The Mike-athalon

The five-day steeplechase that the 13 members from the International Olympics Committee begin on Sunday, to evaluate New York’s bid for the 2012 Olympics, looks like something Dennis Kozlowski would have planned for his wife’s birthday. But instead of money-though the trip will cost the Olympics Committee $1 million, nobody’s planning to do a Salt Lake City-it uses old-fashioned New York razzle-dazzle.

So the visitors will be chauffeured down Fifth Avenue just as a fencing match takes place on the steps of the New York Public Library. They will look out at Central Park and see 100 members of the Road Runners Club racing through Christo’s Gates.

For their one night out on the town, it’ll be home cooking: They dine at the Bloomberg mansion before being conveyed by horse-drawn carriages to a special performance at Jazz at Lincoln Center-or rather, Jazz at Time Warner Center.

That’s the fun stuff. The team members will also spend hours inside conference rooms at the Plaza Hotel, watching high-tech slide shows presented by big guns like Representative Charles Rangel, swimming gold medalist Donna de Varona, and our very own in-house celebrities, Mayor Michael Bloomberg and his deputy, Daniel Doctoroff.

All that Olympic spirit, though, may not be able to overcome the weaknesses in New York’s bid-weaknesses that are putting it in fourth place, according to odds set by the British betting house Ladbrokes, weaknesses that include the very complexity of the Games and its 33 venues.

Odds-makers might be tempted to rank the city just below Moscow in light of the M.T.A.’s Feb. 15 announcement: Not only was it considering the plan put forward by the Dolan family’s Madison Square Garden and Cablevision outfit-which the Mayor had dismissed as a cynical ploy to maintain a monopoly over the arena business in Manhattan-but they were going to open the development of their railyards, the crux of the city’s Olympics proposals, to a full competitive bid.

There is one concession to the New York Jets-the first to offer a deal, after all, by some years: If the team can match the Dolans’ $350 million offer, the Olympics could stay in play.

And who, after all, besides the Dolans, already so far outside the Mayor’ s circle of political friends, would dare to counter that offer?

In fact, the sense that the Bloomberg administration would not look kindly on local developers who defied City Hall’s Olympics plan set the scene for a particularly scathing bit of swordsmanship by Robert Yaro, chairman of the good-government planning group, the Regional Plan Association (long detractors of the stadium plan): “There is still reason to be concerned that local developers will be unwilling to bid given the political nature of the situation,” Mr. Yaro said in a press release, “and we urge the Bloomberg administration to actively support an open bidding process.”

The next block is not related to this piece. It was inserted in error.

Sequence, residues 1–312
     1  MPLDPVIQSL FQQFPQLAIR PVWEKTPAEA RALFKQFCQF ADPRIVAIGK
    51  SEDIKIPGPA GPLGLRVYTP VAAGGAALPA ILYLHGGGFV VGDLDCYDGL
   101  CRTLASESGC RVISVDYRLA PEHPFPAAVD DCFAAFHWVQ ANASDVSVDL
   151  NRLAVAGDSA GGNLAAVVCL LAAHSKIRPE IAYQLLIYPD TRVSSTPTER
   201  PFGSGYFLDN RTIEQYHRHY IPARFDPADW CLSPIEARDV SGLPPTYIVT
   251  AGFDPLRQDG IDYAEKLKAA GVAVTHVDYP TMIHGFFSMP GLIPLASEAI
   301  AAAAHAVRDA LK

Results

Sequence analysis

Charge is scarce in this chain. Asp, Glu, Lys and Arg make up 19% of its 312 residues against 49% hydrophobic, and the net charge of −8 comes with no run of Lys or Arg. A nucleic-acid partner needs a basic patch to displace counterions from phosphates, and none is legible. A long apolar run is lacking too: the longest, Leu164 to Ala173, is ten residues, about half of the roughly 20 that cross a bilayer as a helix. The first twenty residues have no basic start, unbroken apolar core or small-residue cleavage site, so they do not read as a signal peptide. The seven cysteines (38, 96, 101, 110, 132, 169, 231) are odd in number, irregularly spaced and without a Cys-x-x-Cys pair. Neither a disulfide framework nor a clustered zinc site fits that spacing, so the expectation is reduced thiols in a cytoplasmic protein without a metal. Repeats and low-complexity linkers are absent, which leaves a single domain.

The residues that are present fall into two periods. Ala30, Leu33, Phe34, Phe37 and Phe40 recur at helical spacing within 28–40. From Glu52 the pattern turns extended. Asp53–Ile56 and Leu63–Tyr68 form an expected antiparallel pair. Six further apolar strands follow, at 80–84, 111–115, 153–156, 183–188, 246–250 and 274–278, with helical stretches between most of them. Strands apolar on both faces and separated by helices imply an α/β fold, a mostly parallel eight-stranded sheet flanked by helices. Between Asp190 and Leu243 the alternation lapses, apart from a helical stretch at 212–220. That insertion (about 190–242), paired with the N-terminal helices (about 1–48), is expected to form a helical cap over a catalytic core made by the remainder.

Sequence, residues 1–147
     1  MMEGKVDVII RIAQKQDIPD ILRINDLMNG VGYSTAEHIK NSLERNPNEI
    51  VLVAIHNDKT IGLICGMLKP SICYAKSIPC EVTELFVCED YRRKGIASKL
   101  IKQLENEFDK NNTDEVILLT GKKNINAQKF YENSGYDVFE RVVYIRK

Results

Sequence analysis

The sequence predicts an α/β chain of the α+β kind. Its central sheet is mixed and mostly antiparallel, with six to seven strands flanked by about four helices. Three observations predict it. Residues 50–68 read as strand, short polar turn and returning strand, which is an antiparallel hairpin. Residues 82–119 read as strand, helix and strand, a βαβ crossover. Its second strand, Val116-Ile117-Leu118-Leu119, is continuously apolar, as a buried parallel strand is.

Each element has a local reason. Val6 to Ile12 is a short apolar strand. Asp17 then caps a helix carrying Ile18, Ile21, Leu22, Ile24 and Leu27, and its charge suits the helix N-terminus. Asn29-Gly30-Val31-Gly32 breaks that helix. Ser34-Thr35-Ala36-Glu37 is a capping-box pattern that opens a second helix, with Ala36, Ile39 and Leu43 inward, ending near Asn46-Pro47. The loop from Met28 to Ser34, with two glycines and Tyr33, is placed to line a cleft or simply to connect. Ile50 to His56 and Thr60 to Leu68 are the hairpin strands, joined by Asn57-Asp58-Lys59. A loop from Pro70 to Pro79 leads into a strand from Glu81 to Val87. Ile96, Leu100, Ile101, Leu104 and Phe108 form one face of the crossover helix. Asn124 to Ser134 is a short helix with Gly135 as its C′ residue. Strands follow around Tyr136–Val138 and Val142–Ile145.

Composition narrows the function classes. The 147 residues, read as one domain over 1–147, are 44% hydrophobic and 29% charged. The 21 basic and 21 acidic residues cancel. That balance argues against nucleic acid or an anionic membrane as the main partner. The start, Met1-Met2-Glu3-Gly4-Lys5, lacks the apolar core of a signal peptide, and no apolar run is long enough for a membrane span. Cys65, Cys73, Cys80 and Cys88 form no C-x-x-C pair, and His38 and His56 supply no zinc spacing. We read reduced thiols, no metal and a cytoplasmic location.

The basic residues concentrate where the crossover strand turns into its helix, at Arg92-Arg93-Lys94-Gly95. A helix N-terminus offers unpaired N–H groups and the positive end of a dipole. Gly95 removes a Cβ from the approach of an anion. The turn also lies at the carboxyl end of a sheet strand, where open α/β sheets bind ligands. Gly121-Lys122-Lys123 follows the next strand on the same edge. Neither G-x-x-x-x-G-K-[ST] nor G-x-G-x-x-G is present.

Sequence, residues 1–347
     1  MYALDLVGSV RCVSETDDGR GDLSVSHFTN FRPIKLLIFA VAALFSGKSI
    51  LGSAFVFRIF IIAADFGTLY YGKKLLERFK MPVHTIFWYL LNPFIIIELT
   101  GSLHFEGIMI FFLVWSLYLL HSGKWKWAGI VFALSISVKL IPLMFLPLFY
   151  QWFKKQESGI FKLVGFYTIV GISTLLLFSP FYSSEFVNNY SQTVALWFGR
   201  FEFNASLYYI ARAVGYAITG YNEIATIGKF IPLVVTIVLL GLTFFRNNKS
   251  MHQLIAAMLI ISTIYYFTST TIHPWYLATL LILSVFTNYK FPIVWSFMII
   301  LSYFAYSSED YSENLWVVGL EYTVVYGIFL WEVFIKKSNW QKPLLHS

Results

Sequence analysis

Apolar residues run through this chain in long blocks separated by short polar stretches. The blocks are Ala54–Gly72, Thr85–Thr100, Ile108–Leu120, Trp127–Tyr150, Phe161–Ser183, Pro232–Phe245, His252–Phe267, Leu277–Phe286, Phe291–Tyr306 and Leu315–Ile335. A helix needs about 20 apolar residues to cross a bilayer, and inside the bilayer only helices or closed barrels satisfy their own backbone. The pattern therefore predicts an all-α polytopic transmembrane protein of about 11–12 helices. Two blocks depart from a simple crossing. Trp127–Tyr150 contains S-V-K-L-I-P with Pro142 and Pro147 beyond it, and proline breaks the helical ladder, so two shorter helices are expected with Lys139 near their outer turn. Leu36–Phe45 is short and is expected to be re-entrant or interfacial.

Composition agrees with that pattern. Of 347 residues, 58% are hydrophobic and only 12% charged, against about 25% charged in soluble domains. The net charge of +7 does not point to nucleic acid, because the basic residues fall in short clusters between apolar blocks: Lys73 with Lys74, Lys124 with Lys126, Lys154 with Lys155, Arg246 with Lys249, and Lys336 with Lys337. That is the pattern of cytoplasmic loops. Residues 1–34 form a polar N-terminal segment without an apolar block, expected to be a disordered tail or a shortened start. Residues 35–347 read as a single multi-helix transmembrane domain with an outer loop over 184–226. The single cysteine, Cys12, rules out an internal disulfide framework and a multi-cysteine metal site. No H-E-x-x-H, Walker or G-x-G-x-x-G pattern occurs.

Actively support competitors, just as they’re trying to show the I.O.C. they have a lock on their plans to hold the Olympics? To think that the day before was Valentine’s Day, and Mr. Doctoroff so recently was the M.T.A.’s only real suitor. He sounded more chipper, then.

“I think this visit isn’t going to put us over the top or not put us over the top,” Mr. Doctoroff said at a press conference Monday, “but it’s absolutely critical. What we have to more than anything is demonstrate New York’s passion for the games, our organizational abilities and our ability to partner effectively with the Olympic movement. Obviously, we have to answer all of their questions-and we expect literally hundreds of them over the course of four and a half days-to their satisfaction.”

The I.O.C. visitors will parse New York’s application like Cleanth Brooks studying a John Keats poem, and spend two days touring site venues that have been spiffed up for the visit. The visitors will likely have heard about the uncertainty over the main stadium on the West Side. But two other Olympic venues are perhaps even more tentative. In the bid book, NYC2012 lists the land for the gymnastics arena in central Brooklyn and the swimming pool in Williamsburg as currently belonging to the state and city respectively, when in fact some of it is privately owned.

In central Brooklyn, developer Bruce Ratner has proposed building a basketball arena for his newly acquired Nets at the corner of Atlantic and Flatbush avenues, with an office and residential complex nearby. Mr. Ratner would then lease the arena to the Olympics come 2012. The M.T.A. owns about a third of the arena triangle, and Forest City Ratner has been buying up much of the rest, but six or seven other parcels, directly in the arena footprint or adjacent to it, are in private hands.

“Not only do I own it, but I have approved plans to build. I just haven’t built it,” said Menachem Friedfertig, a Brooklyn landlord who bought 622 Pacific Street at an auction more than a year ago. Mr. Ratner’s folks made an offer a year ago, but Mr. Friedfertig turned them down. “In fact, when I met with them, I said, ‘I think I’m against your backboard,’ and they said, ‘Actually, you’re in our grandstands.’

“I really had my hopes set on developing it. It was going to be my first development project. It was my little baby. It was going to be a cute little brownstone thing.”

A union hall owns a parcel along the southern edge, U-Haul owns a lot along the northern wall, and Daniel Goldstein owns a condo in a building that would put him in center court-or, come 2012, the floor-exercise mat.

Mr. Goldstein helped found a group, Develop-Don’t Destroy Brooklyn, that is adamantly against the arena. He has no plans to sell, and he doesn’t think he will: Next week, the Supreme Court hears a case whose outcome could severely restrict a city’s ability to condemn property for economic development.